Nope, it’s spelled right. Not sobriety. So-dri-ety. The term refers to an alcoholic who has stopped drinking, but is not working the Steps. A friend of mine physically demonstrates this concept quite well by clenching his teeth hard and saying, through his grimace, “Just don’t drink.”
Sodriety rarely succeeds. At the bitter end, the alcoholic doesn’t really drink because he enjoys it. He drinks because he can’t not drink. There is something missing, some void in his spirit, that makes it humanly impossible for him to stop drinking (or using, or gambling, or spending, or fucking, or any other compulsive behavior). How else could he treat himself and those around him so miserably?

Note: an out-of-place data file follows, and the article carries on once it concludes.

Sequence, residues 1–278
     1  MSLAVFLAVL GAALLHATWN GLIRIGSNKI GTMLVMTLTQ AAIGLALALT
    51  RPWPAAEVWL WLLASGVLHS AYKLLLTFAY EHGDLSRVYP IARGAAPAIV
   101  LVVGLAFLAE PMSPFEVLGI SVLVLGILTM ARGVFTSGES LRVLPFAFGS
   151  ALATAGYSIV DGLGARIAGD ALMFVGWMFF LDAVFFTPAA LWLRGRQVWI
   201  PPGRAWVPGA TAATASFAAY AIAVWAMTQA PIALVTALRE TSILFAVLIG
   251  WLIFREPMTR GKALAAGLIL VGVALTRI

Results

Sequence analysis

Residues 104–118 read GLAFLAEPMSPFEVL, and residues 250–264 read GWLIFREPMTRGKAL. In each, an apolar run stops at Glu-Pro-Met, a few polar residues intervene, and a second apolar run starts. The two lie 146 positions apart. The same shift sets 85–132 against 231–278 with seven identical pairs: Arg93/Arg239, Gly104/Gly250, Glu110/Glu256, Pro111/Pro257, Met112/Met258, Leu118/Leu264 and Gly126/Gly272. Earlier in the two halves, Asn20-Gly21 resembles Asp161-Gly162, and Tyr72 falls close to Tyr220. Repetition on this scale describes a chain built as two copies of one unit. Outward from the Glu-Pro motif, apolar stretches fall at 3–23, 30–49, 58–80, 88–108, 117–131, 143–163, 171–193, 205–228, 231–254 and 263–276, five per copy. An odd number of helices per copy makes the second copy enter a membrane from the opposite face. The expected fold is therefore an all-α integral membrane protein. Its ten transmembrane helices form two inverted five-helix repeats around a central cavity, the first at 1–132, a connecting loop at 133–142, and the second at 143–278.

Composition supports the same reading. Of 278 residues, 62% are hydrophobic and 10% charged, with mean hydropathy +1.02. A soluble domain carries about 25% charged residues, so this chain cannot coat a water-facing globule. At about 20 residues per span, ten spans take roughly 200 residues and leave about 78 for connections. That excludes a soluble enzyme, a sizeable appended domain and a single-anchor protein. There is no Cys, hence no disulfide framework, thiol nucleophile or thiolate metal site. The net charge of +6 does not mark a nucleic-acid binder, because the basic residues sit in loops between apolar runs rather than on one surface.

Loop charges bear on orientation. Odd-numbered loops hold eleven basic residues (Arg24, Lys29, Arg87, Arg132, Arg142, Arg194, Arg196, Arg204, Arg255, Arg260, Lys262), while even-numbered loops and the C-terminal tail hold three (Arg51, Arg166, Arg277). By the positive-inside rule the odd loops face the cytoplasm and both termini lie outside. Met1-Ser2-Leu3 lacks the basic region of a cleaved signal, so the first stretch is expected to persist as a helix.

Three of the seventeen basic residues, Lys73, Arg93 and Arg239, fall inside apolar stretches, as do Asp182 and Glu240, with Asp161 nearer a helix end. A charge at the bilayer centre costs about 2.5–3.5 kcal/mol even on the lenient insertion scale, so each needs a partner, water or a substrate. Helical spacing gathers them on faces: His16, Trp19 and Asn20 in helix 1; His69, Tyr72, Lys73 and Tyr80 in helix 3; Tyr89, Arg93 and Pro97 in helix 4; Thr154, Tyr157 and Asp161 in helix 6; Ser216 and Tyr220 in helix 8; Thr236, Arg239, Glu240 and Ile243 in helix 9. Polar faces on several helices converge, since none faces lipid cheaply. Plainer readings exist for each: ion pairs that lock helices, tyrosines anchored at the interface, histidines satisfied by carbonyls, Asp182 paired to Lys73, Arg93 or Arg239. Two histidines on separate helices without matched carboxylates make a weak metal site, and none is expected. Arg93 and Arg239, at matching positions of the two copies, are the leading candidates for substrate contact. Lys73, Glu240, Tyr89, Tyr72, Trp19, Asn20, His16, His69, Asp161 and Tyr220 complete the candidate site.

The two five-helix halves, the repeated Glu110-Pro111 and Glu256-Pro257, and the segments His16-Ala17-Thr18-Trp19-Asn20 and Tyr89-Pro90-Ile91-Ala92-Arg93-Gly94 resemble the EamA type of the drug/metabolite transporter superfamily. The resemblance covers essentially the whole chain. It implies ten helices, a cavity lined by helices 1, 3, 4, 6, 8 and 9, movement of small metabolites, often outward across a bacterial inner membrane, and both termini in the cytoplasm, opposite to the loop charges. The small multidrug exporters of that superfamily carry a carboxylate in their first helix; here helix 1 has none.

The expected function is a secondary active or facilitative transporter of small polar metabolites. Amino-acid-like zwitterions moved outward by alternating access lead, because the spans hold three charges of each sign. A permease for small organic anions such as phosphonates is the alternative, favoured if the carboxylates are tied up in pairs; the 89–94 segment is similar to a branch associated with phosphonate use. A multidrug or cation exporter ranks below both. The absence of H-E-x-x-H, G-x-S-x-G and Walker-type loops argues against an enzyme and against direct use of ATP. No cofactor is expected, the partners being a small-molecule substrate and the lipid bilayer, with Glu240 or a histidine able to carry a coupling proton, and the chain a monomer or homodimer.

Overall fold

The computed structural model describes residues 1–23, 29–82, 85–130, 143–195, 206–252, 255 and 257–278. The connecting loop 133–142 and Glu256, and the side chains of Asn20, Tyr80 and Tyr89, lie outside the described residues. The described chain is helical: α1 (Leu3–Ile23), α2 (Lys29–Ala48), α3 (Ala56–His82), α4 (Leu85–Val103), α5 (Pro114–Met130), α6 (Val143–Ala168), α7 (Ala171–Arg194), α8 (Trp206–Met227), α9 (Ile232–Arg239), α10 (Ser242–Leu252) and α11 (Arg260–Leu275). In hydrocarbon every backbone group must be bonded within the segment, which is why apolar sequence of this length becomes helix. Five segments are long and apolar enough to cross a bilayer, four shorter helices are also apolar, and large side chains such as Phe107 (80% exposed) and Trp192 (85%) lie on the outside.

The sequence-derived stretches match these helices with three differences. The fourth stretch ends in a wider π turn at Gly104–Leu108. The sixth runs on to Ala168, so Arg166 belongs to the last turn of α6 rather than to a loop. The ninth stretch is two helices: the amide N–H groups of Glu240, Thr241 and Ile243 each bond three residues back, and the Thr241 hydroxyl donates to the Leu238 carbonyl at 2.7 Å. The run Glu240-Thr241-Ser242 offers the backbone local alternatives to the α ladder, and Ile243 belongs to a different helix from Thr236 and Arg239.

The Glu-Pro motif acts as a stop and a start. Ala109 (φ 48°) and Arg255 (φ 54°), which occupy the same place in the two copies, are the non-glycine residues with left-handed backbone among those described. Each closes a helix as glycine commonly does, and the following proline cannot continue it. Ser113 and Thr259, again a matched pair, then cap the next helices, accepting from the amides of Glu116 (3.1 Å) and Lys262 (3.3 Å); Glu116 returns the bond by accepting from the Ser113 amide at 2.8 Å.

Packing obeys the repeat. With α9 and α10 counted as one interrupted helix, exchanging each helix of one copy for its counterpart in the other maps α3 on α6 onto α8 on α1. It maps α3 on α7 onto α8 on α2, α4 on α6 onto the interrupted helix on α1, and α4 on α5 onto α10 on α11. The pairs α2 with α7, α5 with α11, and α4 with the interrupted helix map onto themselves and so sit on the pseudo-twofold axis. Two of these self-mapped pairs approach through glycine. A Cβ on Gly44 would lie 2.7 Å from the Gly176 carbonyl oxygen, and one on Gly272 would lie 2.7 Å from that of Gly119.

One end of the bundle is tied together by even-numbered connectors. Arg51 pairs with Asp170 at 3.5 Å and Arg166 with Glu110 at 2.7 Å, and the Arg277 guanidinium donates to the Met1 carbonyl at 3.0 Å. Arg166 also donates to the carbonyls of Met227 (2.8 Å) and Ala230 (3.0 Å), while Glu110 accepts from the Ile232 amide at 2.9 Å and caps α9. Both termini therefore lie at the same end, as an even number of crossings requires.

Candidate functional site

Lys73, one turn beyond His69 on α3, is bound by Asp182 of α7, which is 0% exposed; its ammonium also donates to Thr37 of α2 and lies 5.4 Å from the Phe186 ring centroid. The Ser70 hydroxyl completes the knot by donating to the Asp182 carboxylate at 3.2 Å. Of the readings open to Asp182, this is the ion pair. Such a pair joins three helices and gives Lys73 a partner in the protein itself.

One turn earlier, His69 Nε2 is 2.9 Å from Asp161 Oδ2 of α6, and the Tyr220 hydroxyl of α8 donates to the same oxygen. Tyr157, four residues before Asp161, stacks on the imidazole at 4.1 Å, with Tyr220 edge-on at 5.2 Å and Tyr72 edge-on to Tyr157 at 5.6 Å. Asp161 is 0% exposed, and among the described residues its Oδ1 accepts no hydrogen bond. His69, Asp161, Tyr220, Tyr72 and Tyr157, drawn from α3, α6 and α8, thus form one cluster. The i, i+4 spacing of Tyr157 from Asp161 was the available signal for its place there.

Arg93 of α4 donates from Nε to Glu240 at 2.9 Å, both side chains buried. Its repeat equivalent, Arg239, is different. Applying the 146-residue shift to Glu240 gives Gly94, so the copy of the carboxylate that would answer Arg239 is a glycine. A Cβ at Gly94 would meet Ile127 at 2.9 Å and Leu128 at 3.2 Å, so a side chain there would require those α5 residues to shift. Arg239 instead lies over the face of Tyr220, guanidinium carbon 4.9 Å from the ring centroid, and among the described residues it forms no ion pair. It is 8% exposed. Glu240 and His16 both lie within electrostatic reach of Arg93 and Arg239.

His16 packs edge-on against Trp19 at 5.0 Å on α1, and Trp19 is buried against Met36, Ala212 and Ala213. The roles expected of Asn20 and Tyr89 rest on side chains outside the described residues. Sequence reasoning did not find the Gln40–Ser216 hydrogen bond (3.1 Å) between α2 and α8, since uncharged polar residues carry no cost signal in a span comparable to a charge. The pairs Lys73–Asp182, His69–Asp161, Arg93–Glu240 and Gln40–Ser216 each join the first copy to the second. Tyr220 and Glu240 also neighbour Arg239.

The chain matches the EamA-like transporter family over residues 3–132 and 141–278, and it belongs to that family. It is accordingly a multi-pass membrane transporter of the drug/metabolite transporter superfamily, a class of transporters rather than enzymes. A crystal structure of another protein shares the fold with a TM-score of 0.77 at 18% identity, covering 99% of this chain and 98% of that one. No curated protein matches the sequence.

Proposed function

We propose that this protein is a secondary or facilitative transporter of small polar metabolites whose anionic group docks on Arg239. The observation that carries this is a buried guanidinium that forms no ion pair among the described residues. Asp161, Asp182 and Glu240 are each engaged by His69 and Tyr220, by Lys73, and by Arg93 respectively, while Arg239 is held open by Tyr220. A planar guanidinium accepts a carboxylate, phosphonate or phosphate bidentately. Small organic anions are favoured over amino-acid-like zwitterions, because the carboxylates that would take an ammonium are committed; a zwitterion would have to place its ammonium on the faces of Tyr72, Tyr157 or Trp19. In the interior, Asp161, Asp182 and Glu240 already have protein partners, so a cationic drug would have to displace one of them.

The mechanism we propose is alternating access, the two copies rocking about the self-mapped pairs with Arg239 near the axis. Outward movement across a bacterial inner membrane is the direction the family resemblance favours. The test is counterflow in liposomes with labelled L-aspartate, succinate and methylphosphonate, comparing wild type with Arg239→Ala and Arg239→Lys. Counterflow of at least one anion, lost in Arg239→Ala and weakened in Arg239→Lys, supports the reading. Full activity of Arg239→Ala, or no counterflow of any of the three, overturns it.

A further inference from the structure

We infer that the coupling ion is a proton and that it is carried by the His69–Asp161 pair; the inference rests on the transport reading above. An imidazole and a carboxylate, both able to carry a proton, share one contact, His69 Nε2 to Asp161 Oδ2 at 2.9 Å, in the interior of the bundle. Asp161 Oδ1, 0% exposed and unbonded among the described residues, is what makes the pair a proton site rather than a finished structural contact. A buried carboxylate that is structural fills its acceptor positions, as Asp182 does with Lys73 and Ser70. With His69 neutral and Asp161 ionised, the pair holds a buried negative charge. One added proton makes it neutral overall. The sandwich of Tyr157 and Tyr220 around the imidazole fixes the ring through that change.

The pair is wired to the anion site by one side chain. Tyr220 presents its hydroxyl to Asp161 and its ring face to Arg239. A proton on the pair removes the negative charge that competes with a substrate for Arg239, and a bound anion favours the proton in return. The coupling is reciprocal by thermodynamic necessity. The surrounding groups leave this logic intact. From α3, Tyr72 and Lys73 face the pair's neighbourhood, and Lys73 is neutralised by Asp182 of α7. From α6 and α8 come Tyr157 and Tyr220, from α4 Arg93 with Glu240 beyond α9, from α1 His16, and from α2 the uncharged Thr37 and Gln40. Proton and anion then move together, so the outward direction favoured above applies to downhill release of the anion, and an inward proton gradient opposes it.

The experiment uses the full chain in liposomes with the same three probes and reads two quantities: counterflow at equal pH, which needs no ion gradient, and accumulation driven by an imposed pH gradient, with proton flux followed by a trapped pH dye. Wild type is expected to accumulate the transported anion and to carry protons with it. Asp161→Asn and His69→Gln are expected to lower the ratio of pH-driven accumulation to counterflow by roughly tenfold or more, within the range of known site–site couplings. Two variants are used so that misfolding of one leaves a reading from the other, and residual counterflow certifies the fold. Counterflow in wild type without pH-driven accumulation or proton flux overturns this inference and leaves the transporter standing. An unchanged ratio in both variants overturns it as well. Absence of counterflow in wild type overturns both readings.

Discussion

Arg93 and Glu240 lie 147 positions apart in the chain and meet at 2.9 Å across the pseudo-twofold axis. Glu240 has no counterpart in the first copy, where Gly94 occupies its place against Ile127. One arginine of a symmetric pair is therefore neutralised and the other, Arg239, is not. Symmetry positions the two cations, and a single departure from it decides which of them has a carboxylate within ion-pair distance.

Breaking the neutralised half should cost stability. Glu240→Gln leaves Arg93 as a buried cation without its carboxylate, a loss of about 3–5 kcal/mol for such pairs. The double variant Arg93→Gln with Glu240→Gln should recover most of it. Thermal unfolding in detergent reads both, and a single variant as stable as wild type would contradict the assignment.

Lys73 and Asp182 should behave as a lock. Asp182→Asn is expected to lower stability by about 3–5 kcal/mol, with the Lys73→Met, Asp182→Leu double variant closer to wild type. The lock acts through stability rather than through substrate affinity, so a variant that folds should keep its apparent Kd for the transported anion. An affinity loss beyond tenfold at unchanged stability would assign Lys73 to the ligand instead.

So the alcoholic drinks to fill that void. And though it may work for a while, that restless feeling, that urge to drink, always returns. But even if the alcoholic is fortunate enough to stop drinking altogether for a time, what is left of the drunk but that void, now unfilled?
Nature abhors a vacuum. As a result, sodriety, which removes the drink but leaves the void behind, almost always fails. The secret to A.A., the strength behind the common solution offered by the Twelve Steps, is that it aims to fill that void -– that God-shaped void –- not with another addiction, but with a close, personal relationship with the God of each alcoholic’s understanding. Alcoholics call this a spiritual awakening, and it is the key to true sobriety, not mere sodriety.